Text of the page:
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As a proud Ethiopian immigrant, trained lawyer, mom of four, two-time Amazon bestseller, and award winning children’s book author, adjunct instructor, and cybersecurity professional at a Fortune 500 organization, Zinet Kemal likely has one of the most interesting and diverse resumes you will come across.
Currently an Associate Cloud Security Engineer at BestBuy, Zinet also holds a slew of certifications including CISA, SANS GCLD, CCSK, CySA+, Security+, Network+, AWS CCP, & KCNA and has become a prominent voice promoting diversity and cybersecurity within the business and technology communities.
So how exactly did Zinet get into the cybersecurity industry? And perhaps more intriguingly, where does she find the time to accomplish all of this?
Here is a glimpse into both Zinet’s incredibly fascinating background and journey into cybersecurity.
Sharing one classroom computer in Ethiopia
A self-professed technology nerd, Zinet’s love affair with technology began at a young age in Ethiopia. However, a lack of resources in her home country made learning about computers and getting hands-on experience challenging…to say the least.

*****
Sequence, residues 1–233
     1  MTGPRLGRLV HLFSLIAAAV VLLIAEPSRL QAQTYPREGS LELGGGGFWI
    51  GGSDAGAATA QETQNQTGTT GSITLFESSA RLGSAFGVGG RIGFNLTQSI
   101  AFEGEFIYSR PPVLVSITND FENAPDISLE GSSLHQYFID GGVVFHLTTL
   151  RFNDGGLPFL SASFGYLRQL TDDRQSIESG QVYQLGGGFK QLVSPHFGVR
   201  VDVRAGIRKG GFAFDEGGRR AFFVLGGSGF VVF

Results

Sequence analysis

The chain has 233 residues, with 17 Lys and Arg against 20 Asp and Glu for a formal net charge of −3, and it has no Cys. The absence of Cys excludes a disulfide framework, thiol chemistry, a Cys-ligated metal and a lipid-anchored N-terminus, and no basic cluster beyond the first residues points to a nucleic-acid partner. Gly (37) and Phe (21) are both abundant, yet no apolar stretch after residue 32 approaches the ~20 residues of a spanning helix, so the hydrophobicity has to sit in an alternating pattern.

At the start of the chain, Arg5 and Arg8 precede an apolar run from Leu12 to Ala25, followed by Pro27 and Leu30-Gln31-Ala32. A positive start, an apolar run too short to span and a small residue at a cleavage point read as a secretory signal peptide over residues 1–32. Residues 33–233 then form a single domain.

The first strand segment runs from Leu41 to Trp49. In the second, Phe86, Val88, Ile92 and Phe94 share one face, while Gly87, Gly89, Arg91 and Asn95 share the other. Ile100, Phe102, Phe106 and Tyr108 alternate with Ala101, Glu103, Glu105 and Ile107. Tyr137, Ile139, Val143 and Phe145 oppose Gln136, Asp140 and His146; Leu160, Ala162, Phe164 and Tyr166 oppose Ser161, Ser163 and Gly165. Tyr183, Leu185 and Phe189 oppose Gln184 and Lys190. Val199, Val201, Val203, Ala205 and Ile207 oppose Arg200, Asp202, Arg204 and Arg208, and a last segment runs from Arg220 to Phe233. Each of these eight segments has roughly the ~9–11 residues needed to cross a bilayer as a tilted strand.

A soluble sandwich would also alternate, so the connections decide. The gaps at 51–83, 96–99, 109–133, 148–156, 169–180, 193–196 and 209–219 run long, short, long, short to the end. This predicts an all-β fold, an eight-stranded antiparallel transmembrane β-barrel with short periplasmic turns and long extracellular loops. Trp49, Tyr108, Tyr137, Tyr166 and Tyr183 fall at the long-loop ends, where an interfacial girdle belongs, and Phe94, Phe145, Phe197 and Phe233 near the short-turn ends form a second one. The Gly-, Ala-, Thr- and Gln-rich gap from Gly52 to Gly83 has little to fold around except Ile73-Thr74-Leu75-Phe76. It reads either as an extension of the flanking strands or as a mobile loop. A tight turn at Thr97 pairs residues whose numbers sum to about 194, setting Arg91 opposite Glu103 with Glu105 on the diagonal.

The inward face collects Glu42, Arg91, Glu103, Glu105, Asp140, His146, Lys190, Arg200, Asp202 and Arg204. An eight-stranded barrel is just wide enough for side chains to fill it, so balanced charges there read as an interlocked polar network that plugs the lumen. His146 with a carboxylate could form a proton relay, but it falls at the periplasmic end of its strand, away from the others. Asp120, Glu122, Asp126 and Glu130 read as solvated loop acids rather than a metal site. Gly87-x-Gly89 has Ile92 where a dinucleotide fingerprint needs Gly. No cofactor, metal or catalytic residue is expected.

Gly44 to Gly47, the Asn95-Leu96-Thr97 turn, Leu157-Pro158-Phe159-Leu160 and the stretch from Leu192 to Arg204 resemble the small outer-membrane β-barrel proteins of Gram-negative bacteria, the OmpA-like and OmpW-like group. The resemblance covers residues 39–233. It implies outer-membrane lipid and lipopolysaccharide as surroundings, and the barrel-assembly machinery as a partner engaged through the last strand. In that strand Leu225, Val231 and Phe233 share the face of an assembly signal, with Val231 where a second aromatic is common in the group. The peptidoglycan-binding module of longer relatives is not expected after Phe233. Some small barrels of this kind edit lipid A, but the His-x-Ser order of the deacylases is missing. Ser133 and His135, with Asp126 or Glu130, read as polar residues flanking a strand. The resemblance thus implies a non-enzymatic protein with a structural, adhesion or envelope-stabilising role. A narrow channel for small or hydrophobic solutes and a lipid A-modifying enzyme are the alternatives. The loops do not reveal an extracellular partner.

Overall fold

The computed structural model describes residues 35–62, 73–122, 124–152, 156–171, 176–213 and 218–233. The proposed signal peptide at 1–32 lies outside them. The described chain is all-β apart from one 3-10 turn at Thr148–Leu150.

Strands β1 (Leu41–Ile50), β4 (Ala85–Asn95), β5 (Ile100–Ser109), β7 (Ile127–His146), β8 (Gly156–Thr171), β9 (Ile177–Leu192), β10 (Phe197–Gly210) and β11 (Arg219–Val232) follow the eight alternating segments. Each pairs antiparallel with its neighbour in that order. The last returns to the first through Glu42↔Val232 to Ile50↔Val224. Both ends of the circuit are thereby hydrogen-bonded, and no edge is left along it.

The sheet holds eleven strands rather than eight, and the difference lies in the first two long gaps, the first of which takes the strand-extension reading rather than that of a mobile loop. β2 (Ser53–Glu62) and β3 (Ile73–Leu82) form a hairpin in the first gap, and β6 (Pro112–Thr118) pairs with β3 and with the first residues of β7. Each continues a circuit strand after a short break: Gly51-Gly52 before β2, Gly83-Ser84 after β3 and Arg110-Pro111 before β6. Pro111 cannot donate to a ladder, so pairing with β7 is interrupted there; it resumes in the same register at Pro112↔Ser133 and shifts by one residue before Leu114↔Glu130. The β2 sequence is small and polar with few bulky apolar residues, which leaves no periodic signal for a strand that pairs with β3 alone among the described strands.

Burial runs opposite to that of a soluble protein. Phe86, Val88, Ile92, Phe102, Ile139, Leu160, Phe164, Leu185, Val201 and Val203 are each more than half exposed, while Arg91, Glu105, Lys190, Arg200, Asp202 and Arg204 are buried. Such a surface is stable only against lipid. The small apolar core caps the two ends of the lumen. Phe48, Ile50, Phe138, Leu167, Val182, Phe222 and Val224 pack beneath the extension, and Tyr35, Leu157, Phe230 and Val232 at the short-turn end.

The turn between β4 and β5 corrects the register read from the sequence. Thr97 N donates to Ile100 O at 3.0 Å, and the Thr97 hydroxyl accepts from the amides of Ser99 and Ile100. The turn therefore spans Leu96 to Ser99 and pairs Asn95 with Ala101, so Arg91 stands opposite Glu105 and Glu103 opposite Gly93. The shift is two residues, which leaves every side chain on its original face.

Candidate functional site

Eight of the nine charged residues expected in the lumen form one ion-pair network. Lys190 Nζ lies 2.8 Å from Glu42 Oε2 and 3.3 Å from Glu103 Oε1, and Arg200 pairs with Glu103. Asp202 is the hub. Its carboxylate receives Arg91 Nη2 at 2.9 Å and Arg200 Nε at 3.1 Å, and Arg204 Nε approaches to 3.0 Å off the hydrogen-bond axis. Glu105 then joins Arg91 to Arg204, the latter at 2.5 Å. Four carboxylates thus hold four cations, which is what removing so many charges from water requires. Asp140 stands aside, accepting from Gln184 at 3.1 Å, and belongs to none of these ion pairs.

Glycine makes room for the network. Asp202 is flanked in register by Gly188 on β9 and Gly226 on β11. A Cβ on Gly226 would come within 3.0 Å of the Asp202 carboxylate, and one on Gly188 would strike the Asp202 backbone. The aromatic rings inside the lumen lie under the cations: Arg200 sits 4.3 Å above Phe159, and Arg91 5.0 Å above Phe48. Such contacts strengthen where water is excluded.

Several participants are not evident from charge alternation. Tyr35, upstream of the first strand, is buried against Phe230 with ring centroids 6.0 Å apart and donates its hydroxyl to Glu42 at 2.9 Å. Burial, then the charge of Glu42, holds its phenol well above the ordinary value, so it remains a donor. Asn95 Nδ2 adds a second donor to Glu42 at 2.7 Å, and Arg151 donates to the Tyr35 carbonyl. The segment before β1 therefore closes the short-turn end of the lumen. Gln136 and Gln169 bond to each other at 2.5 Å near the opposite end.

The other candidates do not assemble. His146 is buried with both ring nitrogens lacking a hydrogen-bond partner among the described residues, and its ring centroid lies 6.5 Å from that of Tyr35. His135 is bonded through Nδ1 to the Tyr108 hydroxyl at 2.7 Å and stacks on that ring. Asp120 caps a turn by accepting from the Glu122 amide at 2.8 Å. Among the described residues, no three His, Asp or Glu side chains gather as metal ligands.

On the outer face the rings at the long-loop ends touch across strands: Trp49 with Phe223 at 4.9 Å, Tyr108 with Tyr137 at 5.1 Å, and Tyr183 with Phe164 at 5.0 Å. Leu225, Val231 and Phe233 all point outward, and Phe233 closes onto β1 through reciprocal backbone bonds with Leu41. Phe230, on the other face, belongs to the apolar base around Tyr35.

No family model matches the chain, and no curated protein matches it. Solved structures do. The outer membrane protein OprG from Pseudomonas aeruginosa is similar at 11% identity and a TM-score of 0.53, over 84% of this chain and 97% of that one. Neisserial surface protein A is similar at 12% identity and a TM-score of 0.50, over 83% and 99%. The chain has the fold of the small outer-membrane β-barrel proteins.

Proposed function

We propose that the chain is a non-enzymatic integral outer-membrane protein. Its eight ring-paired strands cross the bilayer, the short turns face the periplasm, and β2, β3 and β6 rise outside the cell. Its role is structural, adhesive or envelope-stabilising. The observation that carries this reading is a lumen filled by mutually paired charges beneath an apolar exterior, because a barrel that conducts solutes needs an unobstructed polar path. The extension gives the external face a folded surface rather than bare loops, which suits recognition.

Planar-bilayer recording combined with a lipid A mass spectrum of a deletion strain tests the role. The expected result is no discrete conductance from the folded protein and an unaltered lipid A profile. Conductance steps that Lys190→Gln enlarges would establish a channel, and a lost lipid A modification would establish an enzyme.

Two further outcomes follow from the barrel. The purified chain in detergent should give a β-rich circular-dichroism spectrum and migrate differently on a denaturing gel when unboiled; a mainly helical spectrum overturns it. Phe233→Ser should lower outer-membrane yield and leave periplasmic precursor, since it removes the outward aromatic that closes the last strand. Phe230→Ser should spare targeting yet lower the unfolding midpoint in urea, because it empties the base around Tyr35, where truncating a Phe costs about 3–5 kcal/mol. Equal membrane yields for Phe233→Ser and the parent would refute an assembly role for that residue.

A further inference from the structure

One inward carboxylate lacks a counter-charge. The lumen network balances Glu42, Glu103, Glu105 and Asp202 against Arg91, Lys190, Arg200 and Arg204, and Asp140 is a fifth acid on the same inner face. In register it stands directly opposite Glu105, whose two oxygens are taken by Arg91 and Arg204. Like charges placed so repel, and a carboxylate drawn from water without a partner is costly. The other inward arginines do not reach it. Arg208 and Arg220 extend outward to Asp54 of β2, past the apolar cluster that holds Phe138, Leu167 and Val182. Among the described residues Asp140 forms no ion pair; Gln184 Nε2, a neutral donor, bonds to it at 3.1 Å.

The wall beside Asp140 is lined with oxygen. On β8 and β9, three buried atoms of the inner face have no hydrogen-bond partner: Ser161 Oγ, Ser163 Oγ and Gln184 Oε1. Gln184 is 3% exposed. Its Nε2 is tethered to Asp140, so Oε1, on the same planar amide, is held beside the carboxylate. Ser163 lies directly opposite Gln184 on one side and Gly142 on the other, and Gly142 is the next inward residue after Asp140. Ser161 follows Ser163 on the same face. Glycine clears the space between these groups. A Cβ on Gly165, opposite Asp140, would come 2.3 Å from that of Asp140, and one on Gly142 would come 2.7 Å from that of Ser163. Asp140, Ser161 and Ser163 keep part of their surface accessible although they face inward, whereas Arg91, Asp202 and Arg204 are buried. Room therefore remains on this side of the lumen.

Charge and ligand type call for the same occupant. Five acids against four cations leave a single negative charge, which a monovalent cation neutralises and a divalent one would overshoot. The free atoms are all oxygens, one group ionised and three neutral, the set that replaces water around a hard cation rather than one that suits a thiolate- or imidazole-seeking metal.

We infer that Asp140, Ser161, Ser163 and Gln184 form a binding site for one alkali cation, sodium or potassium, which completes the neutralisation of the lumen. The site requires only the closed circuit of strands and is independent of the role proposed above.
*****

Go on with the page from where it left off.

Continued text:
“I’ve always been fascinated with technology and what you can do to build things and solve everyday human problems,” said Zinet. “That might have stemmed from not having a ton of access and opportunities back where I came from in Ethiopia. We didn’t have enough access to computers or the internet and all of those things, even in college we didn’t. We might have specific books to study where you take turns and all, but not as much access as people have here in the US.”
“In high school we had one introduction to computer class per week for one hour, and we would get assigned to share computers because we only had a limited number to go around. Some of the teams would have two folks to sit on a computer or three. But because my name starts with a ‘Z’ and is at the end of the alphabet, I always got stuck sharing the computer with four people. We would fight to touch the computer,” she joked. “I also thought I was not good enough at math, so I sort of self-eliminated myself from the natural sciences track where all the computer science and engineering fields are available to pursue.” So that definitely made pursuing technology studies and careers out of option for her.
So with that, Zinet decided to pursue a degree and career in another field, law. “My parents sort of chose for me.” However, after working in the legal field for a few years, when Zinet and her husband decided to immigrate to the US, she took the opportunity to pursue her lifelong goal of working in the technology sector.
“When I moved here, I just thought that this was my second chance to pursue a technology career, so I decided that once we got to the US, I would begin working towards a computer science or technology job,” said Zinet.
Balancing life, education, and the rebuilding of a career in the US
Once she arrived in the US, to say that Zinet had a full plate would be a huge understatement. Between having a young child at home, another on the way, and trying to adjust to a new country and education curriculum, there was no shortage of priorities that she was trying to juggle.